interval: Bronson said Prothegen was able to demonstrate a high level of expertise in the field of ferroptosis. “The part that put us on top was spending time with Professor Scott Dixon [a discoverer of ferroptosis]The specific challenges associated with tackling this process have been robust, and Prothegen has demonstrated the ability to meet this high standard.

Image credits: Getty Images / koto_feja

Wayfinder Biosciences – Wayfinder Bio uses RNA-based biosensors to control editing molecules (such as CRISPR). This allows for permanent changes to be made in response to an environment – for example, imagine turning certain genes “on” and “off” in response to changing conditions in the body. Wayfinder is a product of the Center for Synthetic Biology at the University of Washington.

interval: The Wayfinder was an example of “programmable” logic in biology. A key idea, says Bronson, is fine-tuning biological systems.

Silens – Cellens has developed a urine-based bladder cancer test that bypasses screening. The test also monitors cell surfaces to help determine the stage and severity of the cancer. Currently, the test can detect bladder cancer with 94% accuracy, and is in preclinical trials at Dartmouth, the Dana-Farber Cancer Institute and the University of Washington.

interval: Cellens and ProtonIntel (see below) talk about an IndieBio take: “A lot of the money being spent is in the continuous, long-term monitoring of patients,” says Bronson. “And a lot of a pain in the ass for a patient is that they don’t just need a screening test, they need a real biomarker.” Cellens is designed around measuring a patient’s progress in enough detail to make clinical decisions, rather than just examining disease.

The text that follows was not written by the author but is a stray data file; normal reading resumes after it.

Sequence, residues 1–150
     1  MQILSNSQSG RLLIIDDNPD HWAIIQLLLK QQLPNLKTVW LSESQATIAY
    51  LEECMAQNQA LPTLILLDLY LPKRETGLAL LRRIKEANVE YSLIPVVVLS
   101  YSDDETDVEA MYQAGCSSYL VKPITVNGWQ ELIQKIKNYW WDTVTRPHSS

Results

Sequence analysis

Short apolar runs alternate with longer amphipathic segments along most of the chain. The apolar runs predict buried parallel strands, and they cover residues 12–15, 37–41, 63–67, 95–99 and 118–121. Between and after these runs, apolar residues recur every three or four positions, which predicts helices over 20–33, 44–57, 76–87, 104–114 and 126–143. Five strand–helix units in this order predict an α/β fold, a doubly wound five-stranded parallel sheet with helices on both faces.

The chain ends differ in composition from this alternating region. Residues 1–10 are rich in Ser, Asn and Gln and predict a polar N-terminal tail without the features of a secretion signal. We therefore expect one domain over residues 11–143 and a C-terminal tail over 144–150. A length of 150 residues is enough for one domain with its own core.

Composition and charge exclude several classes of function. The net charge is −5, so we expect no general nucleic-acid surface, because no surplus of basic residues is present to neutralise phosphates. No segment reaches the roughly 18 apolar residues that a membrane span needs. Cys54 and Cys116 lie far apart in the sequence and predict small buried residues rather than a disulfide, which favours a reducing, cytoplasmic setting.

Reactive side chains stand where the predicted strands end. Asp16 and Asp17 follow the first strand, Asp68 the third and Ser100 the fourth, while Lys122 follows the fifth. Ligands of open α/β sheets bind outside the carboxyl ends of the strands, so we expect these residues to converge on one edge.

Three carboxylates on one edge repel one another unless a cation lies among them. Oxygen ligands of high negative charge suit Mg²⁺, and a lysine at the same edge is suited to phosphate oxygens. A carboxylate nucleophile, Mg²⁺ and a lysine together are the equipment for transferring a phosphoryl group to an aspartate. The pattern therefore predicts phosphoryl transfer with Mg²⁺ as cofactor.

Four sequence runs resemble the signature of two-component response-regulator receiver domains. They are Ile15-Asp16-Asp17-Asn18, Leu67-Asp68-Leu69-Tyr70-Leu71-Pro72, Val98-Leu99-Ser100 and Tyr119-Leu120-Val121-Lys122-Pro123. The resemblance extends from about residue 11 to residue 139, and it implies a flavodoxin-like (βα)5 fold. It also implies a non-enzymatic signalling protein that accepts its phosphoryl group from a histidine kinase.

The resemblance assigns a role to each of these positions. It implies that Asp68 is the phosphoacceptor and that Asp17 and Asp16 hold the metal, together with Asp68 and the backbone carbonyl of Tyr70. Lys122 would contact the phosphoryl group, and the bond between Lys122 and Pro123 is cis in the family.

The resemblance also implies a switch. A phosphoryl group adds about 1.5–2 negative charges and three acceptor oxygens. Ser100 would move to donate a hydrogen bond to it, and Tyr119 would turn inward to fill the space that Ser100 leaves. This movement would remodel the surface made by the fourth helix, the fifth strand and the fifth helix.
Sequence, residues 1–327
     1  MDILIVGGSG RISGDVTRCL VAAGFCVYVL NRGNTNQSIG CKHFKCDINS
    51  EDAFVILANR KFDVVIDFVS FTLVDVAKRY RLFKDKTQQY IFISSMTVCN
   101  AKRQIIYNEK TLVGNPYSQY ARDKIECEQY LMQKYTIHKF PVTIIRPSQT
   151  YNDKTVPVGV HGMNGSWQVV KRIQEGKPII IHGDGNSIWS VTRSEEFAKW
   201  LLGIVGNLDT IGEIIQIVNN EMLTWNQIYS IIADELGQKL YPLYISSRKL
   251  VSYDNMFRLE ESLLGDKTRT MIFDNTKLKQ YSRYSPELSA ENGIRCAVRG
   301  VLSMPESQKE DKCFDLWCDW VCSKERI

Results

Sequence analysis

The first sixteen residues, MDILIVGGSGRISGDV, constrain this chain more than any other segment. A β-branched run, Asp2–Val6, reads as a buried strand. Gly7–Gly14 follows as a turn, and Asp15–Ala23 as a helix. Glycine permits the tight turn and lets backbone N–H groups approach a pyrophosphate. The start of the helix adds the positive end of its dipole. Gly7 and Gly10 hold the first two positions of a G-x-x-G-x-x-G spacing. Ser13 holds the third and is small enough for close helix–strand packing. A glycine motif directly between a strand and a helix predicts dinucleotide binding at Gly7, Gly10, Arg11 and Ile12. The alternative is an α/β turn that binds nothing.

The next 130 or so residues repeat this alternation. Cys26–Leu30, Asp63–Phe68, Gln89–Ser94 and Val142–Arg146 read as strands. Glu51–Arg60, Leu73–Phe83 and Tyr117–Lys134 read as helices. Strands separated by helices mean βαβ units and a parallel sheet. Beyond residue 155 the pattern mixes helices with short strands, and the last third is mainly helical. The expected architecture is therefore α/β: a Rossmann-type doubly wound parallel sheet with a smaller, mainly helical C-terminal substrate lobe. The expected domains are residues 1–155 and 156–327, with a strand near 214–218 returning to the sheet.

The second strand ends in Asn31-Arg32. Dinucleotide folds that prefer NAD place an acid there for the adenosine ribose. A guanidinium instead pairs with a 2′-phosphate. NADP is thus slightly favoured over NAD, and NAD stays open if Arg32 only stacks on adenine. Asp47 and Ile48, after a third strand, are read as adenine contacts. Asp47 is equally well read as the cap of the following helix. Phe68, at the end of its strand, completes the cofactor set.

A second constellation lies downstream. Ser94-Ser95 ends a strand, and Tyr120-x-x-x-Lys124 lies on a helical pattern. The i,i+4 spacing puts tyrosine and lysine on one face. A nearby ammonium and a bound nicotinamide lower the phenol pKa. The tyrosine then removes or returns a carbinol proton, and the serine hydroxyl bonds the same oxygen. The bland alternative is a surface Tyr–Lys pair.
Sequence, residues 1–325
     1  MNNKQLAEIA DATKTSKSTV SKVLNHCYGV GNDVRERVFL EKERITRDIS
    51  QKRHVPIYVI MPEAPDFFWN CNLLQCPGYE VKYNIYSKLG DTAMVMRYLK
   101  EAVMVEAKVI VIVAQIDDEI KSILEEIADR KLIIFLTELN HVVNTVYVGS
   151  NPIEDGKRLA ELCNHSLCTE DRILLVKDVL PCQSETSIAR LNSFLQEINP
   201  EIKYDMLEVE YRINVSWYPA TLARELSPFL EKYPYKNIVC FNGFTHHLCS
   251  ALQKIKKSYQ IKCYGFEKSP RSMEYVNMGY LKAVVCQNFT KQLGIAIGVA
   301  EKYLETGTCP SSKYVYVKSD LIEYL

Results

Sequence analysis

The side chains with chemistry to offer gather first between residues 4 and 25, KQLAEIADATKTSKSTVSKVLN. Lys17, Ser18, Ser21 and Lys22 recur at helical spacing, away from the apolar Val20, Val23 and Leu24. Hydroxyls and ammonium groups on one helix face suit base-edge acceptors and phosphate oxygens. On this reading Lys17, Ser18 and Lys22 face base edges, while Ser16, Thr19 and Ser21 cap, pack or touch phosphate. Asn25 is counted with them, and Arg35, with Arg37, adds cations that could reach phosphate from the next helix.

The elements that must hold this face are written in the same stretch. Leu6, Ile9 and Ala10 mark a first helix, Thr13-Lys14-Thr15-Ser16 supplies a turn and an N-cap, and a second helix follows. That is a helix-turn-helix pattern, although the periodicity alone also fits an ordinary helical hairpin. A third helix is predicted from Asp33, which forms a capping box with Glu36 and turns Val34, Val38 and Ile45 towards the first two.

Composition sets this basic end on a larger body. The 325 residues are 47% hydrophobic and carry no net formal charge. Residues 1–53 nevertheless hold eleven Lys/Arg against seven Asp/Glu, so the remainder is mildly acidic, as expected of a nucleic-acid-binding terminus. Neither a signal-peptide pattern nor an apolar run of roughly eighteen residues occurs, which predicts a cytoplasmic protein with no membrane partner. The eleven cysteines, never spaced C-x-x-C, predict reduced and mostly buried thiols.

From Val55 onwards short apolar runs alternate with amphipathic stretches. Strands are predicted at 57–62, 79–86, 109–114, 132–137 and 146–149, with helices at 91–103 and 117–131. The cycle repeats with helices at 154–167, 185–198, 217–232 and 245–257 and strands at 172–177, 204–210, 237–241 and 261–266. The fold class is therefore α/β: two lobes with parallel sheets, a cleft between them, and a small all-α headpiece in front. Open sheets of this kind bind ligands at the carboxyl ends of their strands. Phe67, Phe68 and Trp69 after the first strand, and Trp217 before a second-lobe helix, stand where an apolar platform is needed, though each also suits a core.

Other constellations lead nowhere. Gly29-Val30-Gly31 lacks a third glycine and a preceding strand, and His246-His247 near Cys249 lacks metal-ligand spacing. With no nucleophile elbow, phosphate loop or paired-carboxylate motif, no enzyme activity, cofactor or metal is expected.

Proton Intel – ProtonIntel is developing a rapid and continuous potassium monitoring device. Potassium is a critical component that drives the heart’s electrical signals, and in people with kidney failure, potassium levels can get out of control. ProtonIntel is designed to measure potassium levels before problems, like heart attacks, arise.

interval: Bronson says ProtonIntel has faced a particularly difficult scientific problem: measuring potassium in the body. But past experience in this market has indicated that this service is really necessary, and could further disrupt the dialysis industry (which, after decades of stagnation, I already see the changes).

Unlocked Labs – Unlocked labs is a consumer probiotic company whose first products focus on reducing oxalic and uric acid—two products in the body responsible for kidney stones and gout, respectively. The company aims to improve the health of the microbiome, harnessing this system to reduce toxins in the body.

interval: Bronson says the first generation of microbiome products was all about balancing that microbial colony. He argues that the next generation is to provide “specific and targeted benefits”. He says Unlocked Labs fits this spot.

* An earlier version of this article miscalculated the amount of startups in this group. There are 13.